Have you ever come across a blog post or news story that instantly inspires you to write your own content based on the subject matter? That very thing happened to me yesterday afternoon—I was scrolling through Facebook (shocking, I know) and, when I stumbled across a story about the latest decision awaiting the Kansas State Board of Education, I was not only compelled to immediately comment—I knew I had to write something, too.
During a meeting today, the board will discuss whether or not cursive handwriting should remain a part of the educational curriculum. The story opens like this: “Should children born into a world of computers, iPads, smartphones and e-cards have to learn old-fashioned cursive handwriting?”
As someone who still writes in cursive, my immediate inclination is, “Of course!” But as I thought more about this issue (and composed my comment on the Kansas City Star’s Facebook page), I realized there’s a much bigger issue at stake. Is technology making us lazy?
Case in point: “Today’s children type, text and e-mail more frequently than they write longhand,” writes Suzanne Perez Tobias for The Wichita Eagle. And because of this shift in skills, more parents are concerned about their kids being properly prepped to use technology, rather than focusing on longtime curriculum components like penmanship.
Technology most certainly shouldn’t be ignored—and in fact, I’m a big fan of students learning computer and other related skills so that they’re poised for success in an increasingly digital world.
That being said, I think eliminating areas of study like cursive handwriting creates a slippery slope. If, for example, cursive handwriting is removed from schools because the thought is that kids use technological devices more frequently than they do handwritten forms of correspondence, does that mean that we’ll eventually reach a time when handwriting will cease to be taught all together? Becoming overly reliant on one form of communication, or even one way of doing things, seems dangerous. After all, technology certainly isn’t foolproof—and putting all of our eggs in the technology basket seems unnecessarily risky.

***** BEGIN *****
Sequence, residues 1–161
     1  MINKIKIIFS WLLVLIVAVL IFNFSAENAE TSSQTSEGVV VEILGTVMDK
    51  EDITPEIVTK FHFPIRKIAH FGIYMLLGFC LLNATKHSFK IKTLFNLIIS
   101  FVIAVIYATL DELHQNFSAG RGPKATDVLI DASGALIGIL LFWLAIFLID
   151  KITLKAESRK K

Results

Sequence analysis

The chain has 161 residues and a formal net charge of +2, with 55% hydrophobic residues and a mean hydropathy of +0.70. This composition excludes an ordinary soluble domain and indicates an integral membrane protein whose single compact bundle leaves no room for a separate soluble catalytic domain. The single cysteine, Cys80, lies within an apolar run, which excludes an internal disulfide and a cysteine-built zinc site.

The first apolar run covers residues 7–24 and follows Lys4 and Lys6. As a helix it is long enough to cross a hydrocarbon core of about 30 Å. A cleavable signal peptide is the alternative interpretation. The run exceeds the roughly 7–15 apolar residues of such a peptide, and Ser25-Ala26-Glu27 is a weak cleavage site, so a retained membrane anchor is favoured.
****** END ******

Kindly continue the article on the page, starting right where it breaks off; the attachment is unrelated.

I turned 30 in August and I still lament the over-reliance on calculators experienced during my math classes. Even though I struggled mightily with subjects like math and science, my numerical skills (or lack thereof) weren’t helped by the fact that we could turn to our cutting-edge TI-82 calculators to not only solve basic problems, but more complex equations, too. Would it have been so horrible to focus on how to solve these problems without a machine?
I’m not in a position to influence school board decisions, but as curriculums continue to evolve, I’d hope that stakeholders keep one key term in mind: balance. Sure, it’s smart to look to the future and prepare students for what’s ahead. But that doesn’t mean that we have to completely abandon the skills of yesterday, either.
Now that I’ve spouted off, I’d love for you to weigh in. Do you think the Kansas State Board of Education should vote to keep cursive handwriting as part of the statewide curriculum? And do you worry that technology is making us lazy, or do you think the prevalence of digital devices and communication is unveiling a whole new set of skills and intelligence?
Image by 3dpete via Creative Commons